ANDYou may have seen these lately: Vitality Swings or “Chi Machines” on Amazon. They are gaining popularity, especially on TikTok; maybe a little delayed success as they starred on the TV show The Doctors almost a decade ago. Its purported benefits include relief from back, neck, and hip pain, as well as relief from fibromyalgia and lymphedema (swelling caused by the buildup of lymphatic fluid throughout the body).
While you may have heard the term chi (or qi) from Traditional Chinese Medicine, that oomph doesn’t come from it, says R. Alexandra Duma, DC, DACBSP, exercise chiropractor at FICS, a New York City gym and wellness studio. “The chi machine was developed in Japan in the 1980s,” she says, explaining that it is intended for “passive aerobic exercise, a form of exercise that involves essentially constant movement and pressure on parts of the body from an external force exercised, which “can be another person or a movement machine.”
So … do you need one? What is the purpose of one of these swings?
What does the Chi machine do?
There is actually one study on the Chi machine, specifically a small clinical study published in Lymphology (“33 people with chronic secondary lymphedema; 28 women and five men, ages 39 to 88”) that has shown that it can help relieve lymphedema. (Remember, this is a small study done over 15 years ago with what appears to be funding from a Chi Machine brand.)
As for the rest of the claims – improving the immune system, improving blood circulation, massaging the “body and internal organs”, improving “cell oxygenation”, helping weight loss and relieving anxiety, fibromyalgia and back pain? There does not appear to be any peer-reviewed literature to support this.
Is the Chi Machine Good for You?
It definitely could be! Board certified pain therapist Kaliq Chang, MD of the Atlantic Spine Center in New Jersey believes that this swing could help your spinal health “as long as the movement is gentle and controlled.”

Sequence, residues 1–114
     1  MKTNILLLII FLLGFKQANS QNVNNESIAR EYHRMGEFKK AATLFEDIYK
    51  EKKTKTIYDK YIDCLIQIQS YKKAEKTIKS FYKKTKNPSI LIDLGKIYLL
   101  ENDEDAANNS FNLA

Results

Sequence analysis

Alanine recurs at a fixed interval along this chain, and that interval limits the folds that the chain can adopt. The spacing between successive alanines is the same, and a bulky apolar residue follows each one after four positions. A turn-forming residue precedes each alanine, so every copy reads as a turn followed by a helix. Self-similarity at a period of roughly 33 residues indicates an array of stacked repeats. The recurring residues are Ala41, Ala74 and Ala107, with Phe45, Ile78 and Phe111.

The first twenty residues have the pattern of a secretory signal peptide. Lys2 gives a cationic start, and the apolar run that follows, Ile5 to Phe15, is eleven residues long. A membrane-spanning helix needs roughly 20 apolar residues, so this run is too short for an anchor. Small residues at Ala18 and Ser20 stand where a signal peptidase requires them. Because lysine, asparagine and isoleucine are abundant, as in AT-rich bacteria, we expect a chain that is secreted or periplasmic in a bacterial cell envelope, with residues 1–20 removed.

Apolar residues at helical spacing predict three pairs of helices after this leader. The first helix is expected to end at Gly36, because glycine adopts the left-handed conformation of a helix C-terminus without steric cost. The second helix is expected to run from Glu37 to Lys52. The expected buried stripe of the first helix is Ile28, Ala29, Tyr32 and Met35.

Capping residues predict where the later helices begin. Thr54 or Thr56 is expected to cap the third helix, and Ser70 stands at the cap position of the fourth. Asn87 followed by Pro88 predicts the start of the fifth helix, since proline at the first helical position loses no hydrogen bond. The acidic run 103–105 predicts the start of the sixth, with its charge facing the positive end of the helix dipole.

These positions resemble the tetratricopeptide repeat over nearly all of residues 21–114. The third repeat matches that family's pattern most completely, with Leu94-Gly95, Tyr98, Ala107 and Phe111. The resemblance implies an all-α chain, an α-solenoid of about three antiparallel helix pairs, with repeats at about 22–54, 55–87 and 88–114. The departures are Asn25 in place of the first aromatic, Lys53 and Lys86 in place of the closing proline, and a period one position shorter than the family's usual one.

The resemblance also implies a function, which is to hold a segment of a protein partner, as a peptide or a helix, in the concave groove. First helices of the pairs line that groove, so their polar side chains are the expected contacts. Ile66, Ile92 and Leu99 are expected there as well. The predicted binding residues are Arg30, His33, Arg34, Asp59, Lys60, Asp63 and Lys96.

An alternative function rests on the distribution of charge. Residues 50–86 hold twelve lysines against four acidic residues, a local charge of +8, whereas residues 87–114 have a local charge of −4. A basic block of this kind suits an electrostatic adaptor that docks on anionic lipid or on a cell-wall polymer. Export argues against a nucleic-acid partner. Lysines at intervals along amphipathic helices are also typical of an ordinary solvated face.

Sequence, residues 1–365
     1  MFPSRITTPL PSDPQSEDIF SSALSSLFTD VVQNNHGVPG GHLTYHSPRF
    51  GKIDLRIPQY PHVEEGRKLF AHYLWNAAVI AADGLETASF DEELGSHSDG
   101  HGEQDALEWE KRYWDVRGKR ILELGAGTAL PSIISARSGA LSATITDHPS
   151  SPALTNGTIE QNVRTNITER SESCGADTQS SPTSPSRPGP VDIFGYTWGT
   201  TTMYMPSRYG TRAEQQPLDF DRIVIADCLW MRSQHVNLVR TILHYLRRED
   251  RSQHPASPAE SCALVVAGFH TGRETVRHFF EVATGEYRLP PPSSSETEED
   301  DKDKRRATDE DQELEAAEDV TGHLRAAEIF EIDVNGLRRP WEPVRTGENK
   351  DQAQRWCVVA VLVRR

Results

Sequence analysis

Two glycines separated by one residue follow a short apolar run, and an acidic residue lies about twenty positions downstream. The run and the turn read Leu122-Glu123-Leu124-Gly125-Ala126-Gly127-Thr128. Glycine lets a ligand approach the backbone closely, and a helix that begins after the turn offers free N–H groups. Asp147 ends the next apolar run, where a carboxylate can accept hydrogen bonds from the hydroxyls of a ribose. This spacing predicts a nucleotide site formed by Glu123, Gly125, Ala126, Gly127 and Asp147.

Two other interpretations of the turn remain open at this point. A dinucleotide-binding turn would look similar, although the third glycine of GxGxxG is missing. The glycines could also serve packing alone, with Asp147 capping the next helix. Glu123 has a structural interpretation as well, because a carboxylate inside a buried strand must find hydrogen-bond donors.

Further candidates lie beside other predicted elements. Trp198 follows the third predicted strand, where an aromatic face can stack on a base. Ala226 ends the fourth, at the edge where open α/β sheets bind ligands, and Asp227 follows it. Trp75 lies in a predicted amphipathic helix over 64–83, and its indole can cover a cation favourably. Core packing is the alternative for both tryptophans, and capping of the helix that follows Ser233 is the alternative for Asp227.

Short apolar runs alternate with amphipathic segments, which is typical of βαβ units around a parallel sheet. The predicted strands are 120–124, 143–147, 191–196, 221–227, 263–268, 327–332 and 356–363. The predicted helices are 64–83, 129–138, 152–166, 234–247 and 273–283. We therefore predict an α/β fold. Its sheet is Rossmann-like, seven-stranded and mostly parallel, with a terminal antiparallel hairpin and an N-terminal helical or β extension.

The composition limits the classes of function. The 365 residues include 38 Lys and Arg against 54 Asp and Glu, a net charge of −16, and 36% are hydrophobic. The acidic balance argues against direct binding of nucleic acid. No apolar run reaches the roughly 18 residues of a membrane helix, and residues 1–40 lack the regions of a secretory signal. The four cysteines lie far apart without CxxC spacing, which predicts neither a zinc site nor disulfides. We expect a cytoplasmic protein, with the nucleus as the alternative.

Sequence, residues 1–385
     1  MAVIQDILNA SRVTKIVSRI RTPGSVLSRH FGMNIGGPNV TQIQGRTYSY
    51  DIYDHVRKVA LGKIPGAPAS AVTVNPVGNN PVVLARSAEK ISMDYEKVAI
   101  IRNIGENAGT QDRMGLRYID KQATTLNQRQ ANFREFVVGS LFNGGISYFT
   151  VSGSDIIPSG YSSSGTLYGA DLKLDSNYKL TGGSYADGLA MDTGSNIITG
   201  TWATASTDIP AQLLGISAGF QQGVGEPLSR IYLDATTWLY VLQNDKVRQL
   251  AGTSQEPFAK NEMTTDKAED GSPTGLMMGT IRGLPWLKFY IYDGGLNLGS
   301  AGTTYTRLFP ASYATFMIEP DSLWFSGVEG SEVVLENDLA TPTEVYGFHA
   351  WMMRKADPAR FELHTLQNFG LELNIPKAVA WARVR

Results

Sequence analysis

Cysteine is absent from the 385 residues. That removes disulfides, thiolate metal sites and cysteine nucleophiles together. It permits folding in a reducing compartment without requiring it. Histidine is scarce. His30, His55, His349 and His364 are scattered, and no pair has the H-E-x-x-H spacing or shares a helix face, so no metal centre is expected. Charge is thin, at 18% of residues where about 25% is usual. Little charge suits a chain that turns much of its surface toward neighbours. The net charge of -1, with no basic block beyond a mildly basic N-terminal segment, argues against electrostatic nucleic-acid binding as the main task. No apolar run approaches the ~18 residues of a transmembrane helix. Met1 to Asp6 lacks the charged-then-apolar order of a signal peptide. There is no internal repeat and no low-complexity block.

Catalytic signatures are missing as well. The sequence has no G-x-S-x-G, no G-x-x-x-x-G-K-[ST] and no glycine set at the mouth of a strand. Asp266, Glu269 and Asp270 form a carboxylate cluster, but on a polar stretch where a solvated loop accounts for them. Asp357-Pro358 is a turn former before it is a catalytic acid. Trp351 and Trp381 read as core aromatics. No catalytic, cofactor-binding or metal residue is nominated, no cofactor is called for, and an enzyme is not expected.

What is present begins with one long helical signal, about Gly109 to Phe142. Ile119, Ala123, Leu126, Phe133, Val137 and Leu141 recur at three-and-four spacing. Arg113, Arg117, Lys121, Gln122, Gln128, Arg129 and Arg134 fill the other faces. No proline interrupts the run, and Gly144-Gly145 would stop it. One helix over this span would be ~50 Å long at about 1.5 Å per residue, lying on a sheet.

Dr. Chang explains that the intervertebral discs (that is, the material between the individual vertebrae of your spine) “have no blood vessels -[think of it] like a sponge. This movement, which mimics walking, helps massage the disc in such a way that it releases waste materials and inflammation products and brings fresh blood and healing proteins into the disc. “
Duma agrees. “I can see that this machine is helpful with circulatory and lymphatic drainage, especially when you are [often] on their feet. It looks like it can be a great way to loosen up stiff joints and loosen up the leg muscles. “
“This is especially good for people with degenerative disc disease or herniated discs, as long as it doesn’t make the pain worse,” says Dr. Chang.
Warnings Before Using a Chi Machine
As with anything related to the spine, be careful. “There is no one size fits all, and that should also apply to this machine,” says Duma. “Consultation with a healthcare provider would be recommended prior to use to ensure there are no contraindications. I definitely wouldn’t recommend this to someone who recently had a fracture, for sure. “
Dr. Chang has similar views. “These patients with acute, severe back pain are not a good candidate for this treatment because the muscle spasms may prevent movement and the spine may cause more inflammation,” he says.
Should You Get a Chi Machine?
From what the doctors said, if you don’t have degenerative disc disease and your PT, chiropractor, or spine doctor hasn’t recommended one … you probably don’t need these swings. But when it calls you, speak to your doctor and get cleared for some home swing action first.
Ultimately, it also depends on your budget, says Duma. “I believe it would be valuable to spend money on a proper evaluation and diagnosis by a doctor before using this device.”
Do you have lower back pain? Follow this 13 minute guided route to alleviate it:
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